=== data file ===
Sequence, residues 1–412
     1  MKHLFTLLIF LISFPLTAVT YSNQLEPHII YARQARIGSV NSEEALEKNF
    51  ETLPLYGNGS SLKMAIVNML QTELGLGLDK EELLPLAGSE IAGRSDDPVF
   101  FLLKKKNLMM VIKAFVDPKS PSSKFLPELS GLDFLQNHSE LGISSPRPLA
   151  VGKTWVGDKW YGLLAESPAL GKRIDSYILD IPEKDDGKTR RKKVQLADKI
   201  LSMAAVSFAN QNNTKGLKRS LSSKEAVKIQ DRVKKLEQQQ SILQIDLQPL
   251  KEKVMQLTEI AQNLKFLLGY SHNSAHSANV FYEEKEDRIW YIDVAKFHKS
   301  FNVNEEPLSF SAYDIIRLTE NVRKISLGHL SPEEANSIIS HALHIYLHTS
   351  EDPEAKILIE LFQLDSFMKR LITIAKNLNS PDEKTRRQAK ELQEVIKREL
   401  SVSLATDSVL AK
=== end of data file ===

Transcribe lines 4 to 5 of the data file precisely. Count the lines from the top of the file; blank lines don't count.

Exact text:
   101  FLLKKKNLMM VIKAFVDPKS PSSKFLPELS GLDFLQNHSE LGISSPRPLA
   151  VGKTWVGDKW YGLLAESPAL GKRIDSYILD IPEKDDGKTR RKKVQLADKI